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Home   Membership   Expos   Publications   Knowledge Center   Education   Coffee Service   Gov. Affairs Oct. 8, 2012
 
 
 


California: Bill targeting ADA lawsuit reform signed by governor
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Gov. Brown signed SB 1186, which bars so-called "demand letters" in which lawyers threaten to sue business owners over alleged Americans with Disabilities Act violations unless the owners offer them a cash settlement first. The law also reduces potential damage awards from a minimum of $4,000 to as little as $1,000 if the defendant corrects violations quickly. For more information please contact Sandy Larson at slarson@vending.org.


California: Employers prohibited from demanding social media passwords
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Gov. Brown signed AB 1844, which prohibits employers from demanding social media user names or passwords from employees and job applicants. For more information please contact Sandy Larson at slarson@vending.org.


Georgia: Food inspections to focus on risk
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A new food inspection system for Georgia would prioritize food inspections based on the product's contamination risk. Consumer safety advocates praise the move, although it highlights a fundamental problem of food inspections: keeping pace with the previous goal of one routine inspection every six months. An audit released this summer found that as of May 2011, the Georgia Department of Agriculture had conducted one inspection every six months for only 51% of the state's 740 licensed food processing facilities, with the rest having been inspected within the past year or even longer. Georgia, like many states, faces a resource issue, despite increasing the number of its inspectors from three to seven since a 2009 salmonella outbreak traced to a Georgia peanut processing plant. For more information please contact Mary Lou Monaghan at mmongahan@vending.org.


Massachusetts: Brookline considers banning plastic bags and styrofoam containers
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Brookline will hold two special town meetings to consider bans on the use of disposable polystyrene for take-out food packages and disposable plastic shopping bags. Businesses oppose the bans stating the alternatives for Styrofoam cups are unsuitable and banning plastic bags could cost both businesses and consumers more money. The Styrofoam proposal would affect the packaging for take-out meals at local restaurants as well as coffee cups. The ban would affect food and beverages from being packaged on the premises of any Brookline store but would not affect products packaged outside of town. It would take effect Dec. 1, 2013.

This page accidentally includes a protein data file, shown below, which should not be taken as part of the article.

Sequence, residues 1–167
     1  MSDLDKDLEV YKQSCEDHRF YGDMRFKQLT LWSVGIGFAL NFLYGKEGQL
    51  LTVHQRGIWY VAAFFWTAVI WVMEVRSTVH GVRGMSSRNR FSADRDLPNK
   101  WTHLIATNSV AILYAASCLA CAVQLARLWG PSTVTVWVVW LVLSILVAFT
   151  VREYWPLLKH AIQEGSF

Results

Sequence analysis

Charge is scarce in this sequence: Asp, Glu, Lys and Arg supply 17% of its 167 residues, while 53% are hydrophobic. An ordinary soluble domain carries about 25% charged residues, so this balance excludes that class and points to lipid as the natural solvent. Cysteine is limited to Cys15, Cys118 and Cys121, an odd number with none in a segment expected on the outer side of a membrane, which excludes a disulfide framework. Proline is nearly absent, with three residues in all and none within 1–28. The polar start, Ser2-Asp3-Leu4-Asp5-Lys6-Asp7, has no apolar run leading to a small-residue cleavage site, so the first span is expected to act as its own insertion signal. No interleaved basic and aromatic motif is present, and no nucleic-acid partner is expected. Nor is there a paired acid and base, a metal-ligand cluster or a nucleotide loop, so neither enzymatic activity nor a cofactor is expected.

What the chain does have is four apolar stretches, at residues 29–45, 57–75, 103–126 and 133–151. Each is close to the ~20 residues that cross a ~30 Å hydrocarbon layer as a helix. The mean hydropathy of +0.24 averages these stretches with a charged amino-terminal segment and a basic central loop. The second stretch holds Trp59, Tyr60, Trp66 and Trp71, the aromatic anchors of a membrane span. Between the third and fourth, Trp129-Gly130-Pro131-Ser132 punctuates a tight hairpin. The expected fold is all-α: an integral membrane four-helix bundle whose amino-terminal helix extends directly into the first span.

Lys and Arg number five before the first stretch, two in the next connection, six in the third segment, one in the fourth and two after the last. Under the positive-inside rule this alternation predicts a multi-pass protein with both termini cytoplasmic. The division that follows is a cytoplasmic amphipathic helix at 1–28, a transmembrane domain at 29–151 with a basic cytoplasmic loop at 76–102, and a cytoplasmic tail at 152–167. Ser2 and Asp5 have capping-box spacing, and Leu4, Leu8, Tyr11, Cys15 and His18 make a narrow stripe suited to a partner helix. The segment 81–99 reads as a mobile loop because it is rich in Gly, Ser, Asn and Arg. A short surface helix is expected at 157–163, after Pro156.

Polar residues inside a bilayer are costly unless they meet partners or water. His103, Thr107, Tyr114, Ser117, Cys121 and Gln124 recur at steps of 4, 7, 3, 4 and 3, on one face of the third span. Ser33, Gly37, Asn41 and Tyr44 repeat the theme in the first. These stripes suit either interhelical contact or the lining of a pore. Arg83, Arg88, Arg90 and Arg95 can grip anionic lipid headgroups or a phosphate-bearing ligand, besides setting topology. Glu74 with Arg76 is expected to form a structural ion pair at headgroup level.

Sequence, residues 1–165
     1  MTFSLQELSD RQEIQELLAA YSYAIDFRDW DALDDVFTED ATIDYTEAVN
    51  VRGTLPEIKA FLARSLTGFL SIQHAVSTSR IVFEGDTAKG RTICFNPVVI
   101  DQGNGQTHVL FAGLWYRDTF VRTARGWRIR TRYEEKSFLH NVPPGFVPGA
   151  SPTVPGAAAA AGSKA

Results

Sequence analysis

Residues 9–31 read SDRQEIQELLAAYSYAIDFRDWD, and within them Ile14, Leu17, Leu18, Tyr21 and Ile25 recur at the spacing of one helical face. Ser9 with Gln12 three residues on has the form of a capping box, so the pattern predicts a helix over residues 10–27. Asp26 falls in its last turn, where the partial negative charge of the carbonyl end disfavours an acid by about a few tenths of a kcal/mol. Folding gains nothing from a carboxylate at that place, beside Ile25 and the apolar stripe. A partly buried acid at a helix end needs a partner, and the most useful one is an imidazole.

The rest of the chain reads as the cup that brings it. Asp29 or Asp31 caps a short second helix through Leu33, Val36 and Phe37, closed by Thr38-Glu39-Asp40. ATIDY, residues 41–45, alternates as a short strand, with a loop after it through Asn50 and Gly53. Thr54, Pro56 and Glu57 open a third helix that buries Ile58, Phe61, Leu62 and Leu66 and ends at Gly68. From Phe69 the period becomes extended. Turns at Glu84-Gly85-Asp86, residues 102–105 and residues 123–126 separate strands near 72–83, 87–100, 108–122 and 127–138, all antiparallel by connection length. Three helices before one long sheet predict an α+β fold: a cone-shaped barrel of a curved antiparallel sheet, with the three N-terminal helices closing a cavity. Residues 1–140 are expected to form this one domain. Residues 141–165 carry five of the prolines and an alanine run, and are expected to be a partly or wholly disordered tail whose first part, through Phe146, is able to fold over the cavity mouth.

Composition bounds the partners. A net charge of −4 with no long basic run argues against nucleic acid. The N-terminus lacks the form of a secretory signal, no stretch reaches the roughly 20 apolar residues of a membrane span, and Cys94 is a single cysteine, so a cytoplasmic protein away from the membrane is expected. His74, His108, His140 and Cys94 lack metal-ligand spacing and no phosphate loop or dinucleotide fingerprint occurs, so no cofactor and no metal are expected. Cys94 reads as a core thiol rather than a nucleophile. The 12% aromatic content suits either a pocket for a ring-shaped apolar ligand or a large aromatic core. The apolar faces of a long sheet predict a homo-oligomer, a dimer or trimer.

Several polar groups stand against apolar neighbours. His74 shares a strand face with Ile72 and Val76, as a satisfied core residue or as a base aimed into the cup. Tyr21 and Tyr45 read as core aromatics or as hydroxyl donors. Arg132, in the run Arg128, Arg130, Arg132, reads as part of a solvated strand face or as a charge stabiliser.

The plastic bag ban would require any store that provides check-out bags to customers to use compostable, marine-degradable bags as well as reusable check-out bags and recyclable bags. Violations would incur a $50 fine for the first offense, $100 for the second offense, and a mandatory court appearance for a third offense.The Brookline Chamber of Commerce is studying the likely impact of the proposals. For more information please contact Pam Gilbert at pgilbert@vending.org.



Michigan: Cigarette tax stamping
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In August, the state issued an RFP for state cigarette tax stamp "solutions" that was over 100 pages long and very broad, without defining any specifics. The state expected and received lists of questions from potential bidders which were answered and posted. The deadline for responses to the RFP was extended through the end of September. The state intends to work slowly and judiciously through the process of moving to a new pressure-sensitive tax stamp. Although the Department is prohibited from sharing any information regarding the RFP responses or the responders themselves, once that process is over, the Michigan Distributors and Vendors Association will be working closely with Treasury in the move to a new stamping operation. It is likely that wholesalers will not be converting to the new system until sometime next year. For more information please contact Pam Gilbert at pgilbert@vending.org.